This year I rolled out a new workshop entirely on resume writing, per the request of the Head of Department at Arcadia University, Jojo Lucena (we studied abroad together more than 20 years ago).
Normally, I work with students to craft resume entries that highlight their language skills. This time, we started with a blank page (or a draft if students had one already prepared).
We quickly when over some of the basics:
- Place your name, in large, bold font, centered at the top.
- Place your email and phone number below name–one left justified, the other right justified (your snail mail address is not necessary, but okay to include if you want to).
- Throughout the resume, keep each entry to two lines maximum (the document must be easy to skim).
- No complete sentences (the document must be easy to skim–delete all those “a,” “and,” and “the”s).
- Make the resume one page total. For recent grads this is essential to show that you can communicate clearly and concisely (in general, resumes should either be one full page or two full pages–I prefer one).
- Choose section headings to get the entire one-page resume framed out. Think strategically–you don’t have to have a lot of paid work experience to have a resume that is full of “Professional Experience” or “Workplace Experience” or “Leadership” or “Volunteerism and Causes” or “Leadership and Community Service.” If you have more than one entry to include in a section, go ahead and create sections like “Technological Applications.” “Language Experience” can be its own section, especially if responding to job ads that ask for specific experiences or qualifications related to languages. The final section, at the very bottom of the resume, should be “Education,” which leads me to the first of the three biggest challenges for undergrads:
THE BIGGEST CHALLENGES FOR UNDERGRADUATES PREPARING THEIR RESUMES FOR THEIR FIRST JOBS AFTER COLLEGE.
1- The entire “Education” section should take up only 2-3 lines at the bottom of the one-page resume.
This is devastating information for students who have spent nearly two decades defining themselves by their academic achievements: your resume just has to show that you “checked the box” and received a four-year degree. Name the institution, degree, and major / minor areas of study. That’s really it. No GPA (except in certain specialized fields or for graduate school applications). No list of all the semesters you made Dean’s list. No list of courses. Nothing from high school.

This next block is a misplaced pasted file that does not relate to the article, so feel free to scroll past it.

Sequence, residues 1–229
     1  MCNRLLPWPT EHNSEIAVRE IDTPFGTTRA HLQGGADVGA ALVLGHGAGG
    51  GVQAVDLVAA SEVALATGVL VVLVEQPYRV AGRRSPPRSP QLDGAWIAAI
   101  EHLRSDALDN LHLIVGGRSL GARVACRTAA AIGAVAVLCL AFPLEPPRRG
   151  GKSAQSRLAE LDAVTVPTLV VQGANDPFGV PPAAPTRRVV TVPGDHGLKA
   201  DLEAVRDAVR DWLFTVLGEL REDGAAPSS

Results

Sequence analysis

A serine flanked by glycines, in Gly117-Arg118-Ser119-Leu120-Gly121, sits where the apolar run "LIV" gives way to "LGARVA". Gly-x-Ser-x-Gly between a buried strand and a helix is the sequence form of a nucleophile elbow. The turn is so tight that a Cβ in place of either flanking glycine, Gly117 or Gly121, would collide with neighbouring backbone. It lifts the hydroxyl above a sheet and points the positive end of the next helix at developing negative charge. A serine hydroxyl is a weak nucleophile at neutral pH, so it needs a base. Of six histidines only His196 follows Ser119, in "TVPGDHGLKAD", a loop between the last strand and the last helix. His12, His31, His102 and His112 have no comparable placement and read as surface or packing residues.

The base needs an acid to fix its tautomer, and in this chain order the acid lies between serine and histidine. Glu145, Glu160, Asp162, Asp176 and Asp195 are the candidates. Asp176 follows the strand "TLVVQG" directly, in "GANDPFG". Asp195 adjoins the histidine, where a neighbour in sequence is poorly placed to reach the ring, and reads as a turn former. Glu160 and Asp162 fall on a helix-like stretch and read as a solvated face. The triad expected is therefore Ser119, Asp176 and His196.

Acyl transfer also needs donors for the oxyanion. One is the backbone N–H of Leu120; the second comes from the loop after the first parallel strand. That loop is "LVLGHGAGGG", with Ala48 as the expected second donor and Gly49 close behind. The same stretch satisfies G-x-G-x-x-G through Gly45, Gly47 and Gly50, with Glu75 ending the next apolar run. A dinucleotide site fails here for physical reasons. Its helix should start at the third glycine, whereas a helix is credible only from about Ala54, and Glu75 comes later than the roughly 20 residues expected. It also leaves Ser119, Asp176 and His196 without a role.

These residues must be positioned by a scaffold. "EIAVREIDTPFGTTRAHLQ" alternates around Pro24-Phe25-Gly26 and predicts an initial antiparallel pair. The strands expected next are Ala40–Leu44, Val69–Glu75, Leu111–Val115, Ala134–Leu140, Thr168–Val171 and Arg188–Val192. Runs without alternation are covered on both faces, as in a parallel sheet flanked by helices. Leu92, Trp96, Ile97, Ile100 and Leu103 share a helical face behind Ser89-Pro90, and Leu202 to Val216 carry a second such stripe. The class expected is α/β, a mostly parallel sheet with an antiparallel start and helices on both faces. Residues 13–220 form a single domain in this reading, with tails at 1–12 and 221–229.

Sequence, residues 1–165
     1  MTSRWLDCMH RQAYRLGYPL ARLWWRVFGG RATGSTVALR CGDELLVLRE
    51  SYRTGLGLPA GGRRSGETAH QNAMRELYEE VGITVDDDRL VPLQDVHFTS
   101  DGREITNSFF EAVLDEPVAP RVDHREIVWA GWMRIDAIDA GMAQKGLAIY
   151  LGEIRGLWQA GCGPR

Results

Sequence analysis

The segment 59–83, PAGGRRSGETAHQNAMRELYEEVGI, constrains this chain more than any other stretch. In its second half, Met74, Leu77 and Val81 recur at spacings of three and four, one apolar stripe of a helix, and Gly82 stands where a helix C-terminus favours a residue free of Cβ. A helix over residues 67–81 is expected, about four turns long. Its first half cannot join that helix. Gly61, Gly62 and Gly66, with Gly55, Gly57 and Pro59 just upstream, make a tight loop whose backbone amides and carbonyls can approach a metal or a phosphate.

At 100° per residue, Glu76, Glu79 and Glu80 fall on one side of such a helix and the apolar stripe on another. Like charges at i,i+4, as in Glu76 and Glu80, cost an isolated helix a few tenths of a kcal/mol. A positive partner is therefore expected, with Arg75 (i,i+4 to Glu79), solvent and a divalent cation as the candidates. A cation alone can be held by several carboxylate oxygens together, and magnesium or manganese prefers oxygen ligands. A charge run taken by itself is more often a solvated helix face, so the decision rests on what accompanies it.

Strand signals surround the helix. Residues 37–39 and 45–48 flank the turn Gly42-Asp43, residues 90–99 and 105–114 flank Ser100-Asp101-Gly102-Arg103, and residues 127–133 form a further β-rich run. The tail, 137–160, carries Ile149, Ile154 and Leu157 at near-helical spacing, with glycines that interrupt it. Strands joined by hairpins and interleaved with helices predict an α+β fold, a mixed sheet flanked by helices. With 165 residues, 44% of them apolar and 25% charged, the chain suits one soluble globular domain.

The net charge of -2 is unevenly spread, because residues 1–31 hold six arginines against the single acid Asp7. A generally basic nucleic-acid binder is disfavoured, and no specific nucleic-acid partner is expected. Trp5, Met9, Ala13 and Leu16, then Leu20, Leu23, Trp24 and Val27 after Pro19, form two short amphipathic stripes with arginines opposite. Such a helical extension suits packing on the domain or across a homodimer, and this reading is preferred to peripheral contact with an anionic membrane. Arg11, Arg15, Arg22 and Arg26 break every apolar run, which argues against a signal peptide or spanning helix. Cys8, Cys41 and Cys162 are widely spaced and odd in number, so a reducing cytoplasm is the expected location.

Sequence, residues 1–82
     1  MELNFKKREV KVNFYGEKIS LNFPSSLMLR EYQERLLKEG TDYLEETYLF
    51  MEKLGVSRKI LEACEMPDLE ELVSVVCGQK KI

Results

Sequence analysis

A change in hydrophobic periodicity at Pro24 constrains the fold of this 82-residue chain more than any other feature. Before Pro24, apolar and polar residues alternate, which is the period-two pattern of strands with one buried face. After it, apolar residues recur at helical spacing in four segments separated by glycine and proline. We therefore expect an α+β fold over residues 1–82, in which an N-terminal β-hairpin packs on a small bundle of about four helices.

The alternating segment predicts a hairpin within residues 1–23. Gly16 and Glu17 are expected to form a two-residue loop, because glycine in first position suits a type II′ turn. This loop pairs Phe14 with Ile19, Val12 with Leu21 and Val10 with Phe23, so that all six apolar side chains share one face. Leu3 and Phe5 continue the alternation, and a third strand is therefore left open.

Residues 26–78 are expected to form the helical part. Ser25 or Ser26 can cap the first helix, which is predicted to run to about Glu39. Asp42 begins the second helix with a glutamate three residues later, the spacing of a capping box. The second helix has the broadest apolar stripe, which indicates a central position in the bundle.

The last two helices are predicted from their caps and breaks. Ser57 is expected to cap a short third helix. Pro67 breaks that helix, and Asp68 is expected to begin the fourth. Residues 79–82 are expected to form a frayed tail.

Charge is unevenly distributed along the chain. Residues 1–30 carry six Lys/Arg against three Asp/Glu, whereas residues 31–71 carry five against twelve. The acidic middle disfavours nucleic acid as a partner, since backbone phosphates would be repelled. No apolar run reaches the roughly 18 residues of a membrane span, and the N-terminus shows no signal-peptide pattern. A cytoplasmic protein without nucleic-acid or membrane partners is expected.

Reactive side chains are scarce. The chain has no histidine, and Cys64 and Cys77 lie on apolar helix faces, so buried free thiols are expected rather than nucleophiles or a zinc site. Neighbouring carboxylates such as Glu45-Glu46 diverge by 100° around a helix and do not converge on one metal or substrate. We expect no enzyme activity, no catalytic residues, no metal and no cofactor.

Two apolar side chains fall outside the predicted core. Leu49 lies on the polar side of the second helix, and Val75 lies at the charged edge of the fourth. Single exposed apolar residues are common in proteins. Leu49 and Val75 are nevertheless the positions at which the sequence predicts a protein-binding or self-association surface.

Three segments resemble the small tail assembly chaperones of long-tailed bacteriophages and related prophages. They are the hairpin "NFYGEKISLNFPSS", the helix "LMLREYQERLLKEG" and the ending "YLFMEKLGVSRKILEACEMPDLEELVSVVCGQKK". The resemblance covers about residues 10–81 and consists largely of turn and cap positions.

This section should go at the bottom of your resume because the top third is where recruiters and hiring managers are going to spend most of the 6-10 seconds they spend skimming your resume. The top third is where you have to highlight your skills, experiences, and qualifications most related to the specific job you’re applying to* (many of those will come from your four years of college, but it must be framed for professional contexts–around the section headings you chose above).
If you put “Education” at the top of your resume, it will look like you are applying to be a student or that you can only see yourself as a student and haven’t given enough thought to how you will re-frame your experiences for professional contexts. It won’t make a good impression on that 6-10 second skim and therefore your application won’t get more attention than those 6-10 seconds.
What about all the extracurriculars and rich, professional experiences you had in college? They definitely go on your resume, but not in the “Education” section…
2- You must re-frame your many, many experiences from your four years of college as workplace or professional experience or as volunteer / service or as leadership —anything but “education.”